Martin Dorph, NYU’s executive vice president for finance and information, wrote in an email to faculty that their strong feelings about the university were justified and that the university administration is “keenly aware that the salaries people earn here are often not as much as they want or feel they need.”

Dorph added, however, that “it is important to note the economic truth that the markets for different positions often dictate different levels of compensation, whether that is embodied in salary payments, loans, or an overarching agreement about terms of employment.”

“And when we commit to provide such compensation, we do so only when we are sure that the benefit to the University far exceeds the cost,” Dorph said.

But many faculty members remain Infuriated by what they see as a growing disparity in the salaries for higher and lower-paid faculty members and the administration’s frequent use of out-sized salaries and benefits to recruit big names from Washington or the corporate world. Late last week, Ross and other members of the AAUP asked the New York Attorney General’s office to investigate NYU’s personnel benefits practices.

Meanwhile, Grassley has requested that the board of trustees provide his office with documents and records of salary and pension packages dating back a decade. Grassley said yesterday that at least one major charitable umbrella organization, Independent Sector, frowns on executive loans by its member organizations, while the Internal Revenue Service discourages perks for executives of certain tax-exempt groups.

“It makes sense that a tax-exempt organization [such as NYU] should not confer special benefits to select executives,” Grassley told The Fiscal Times. “A tax-exempt organization receives its special tax status to fulfill its charitable mission.  It certifies its mission to the IRS in exchange for its special tax status. Sweetheart loans for executives arguably don’t fulfill the charitable mission of educating students.  The onus is on the organizations that provide such loans to explain why they do or stop providing them if they don’t.” 

Lew, a veteran Democratic budget and policy official who first gained prominence as President Bill Clinton’s White House budget director, spent five years in the academic world after Republican President George W. Bush took office. He received what some might consider a uniquely generous compensation package, earning $184,213 more in his last full year at NYU (fiscal 2005) than his successor, Michael Alfano, did six years later, according to federal tax filings by the university.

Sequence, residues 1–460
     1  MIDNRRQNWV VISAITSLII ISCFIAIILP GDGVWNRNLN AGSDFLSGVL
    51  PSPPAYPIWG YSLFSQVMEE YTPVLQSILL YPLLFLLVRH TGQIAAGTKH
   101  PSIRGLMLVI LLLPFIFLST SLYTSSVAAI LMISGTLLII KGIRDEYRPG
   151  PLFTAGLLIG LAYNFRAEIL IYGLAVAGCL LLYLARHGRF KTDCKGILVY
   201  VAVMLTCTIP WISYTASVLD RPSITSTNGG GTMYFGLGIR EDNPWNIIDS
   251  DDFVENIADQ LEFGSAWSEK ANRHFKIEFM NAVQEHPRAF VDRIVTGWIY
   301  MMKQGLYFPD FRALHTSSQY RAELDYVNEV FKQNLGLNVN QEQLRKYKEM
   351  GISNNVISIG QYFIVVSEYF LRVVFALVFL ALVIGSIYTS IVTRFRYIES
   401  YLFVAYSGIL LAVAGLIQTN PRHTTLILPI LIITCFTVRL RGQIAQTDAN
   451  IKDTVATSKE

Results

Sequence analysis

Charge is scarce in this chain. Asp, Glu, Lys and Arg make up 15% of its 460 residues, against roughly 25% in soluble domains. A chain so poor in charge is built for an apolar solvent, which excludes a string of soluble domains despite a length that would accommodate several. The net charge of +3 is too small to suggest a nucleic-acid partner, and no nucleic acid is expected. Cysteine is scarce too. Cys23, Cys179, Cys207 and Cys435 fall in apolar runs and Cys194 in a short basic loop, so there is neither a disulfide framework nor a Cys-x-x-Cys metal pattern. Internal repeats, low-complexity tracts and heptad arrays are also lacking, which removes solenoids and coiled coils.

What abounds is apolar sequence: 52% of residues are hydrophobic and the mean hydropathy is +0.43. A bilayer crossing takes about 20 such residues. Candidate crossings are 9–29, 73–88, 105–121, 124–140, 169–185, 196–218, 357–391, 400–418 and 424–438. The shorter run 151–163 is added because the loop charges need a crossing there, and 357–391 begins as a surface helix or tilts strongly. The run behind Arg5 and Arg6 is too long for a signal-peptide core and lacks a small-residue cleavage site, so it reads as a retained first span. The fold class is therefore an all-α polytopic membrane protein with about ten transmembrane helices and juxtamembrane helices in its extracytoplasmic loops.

The future Treasury secretary received compensation totaling $792,173 in his final full year at NYU. He left in the middle of 2006 for an operations job with Citigroup, with a $685,000 severance bonus from the school, according to The New York Times. NYU promoted Alfano, previously the dean of the dentistry school, to Lew's former position of executive vice president. The most recent publicly available 2011 tax filings by NYU report that Alfano received $607,860 in compensation.

As for the $1.4 million mortgage loan from NYU, Lew used it to buy a home in the upscale Riverdale section of the Bronx. Shortly after the Finance Committee confirmation hearing in late February,   Grassley  released  Lew’s answers to the written follow-up questions that he and Sen. Orrin Hatch of Utah had submitted after complaining that Lew had been evasive in his testimony.

“My understanding,” said Grassley, “is that according to Forms 990 filed by New York University from 2002 to 2005 you were provided a sizable loan as part of your employment. The amounts reported include $1.4 million in 2002, $748,000 in 2003, $698,000 in 2004, and $673,000 in 2005.”

Grassley asked Lew to “describe the terms of the loan including interest rate, minimum payment requirements, term, and the purpose of the loan” as well as how a reasonable rate of interest was determined, how the loan was repaid, and whether any portion of it was forgiven.

Lew’s response was:  “In short, the University provided a mortgage forgiven in equal installments over five years, and an additional shared appreciation mortgage. I do not recall the interest rate or other specific terms. According to my employment agreement, the interest on both loans was equal to the rate earned by the bond portion of NYU’s endowment in the quarter preceding the signing of the mortgage.”

In other words, NYU gradually forgave a big chunk of the $1.4 million loan they provided Lew to buy his home, totaling $440,000 that was reported to the IRS. Lew said he subsequently repaid NYU the remaining $670,000 he owed, by refinancing the loan through a private mortgage lender.

The Fiscal Times’ Josh Boak contributed to this report.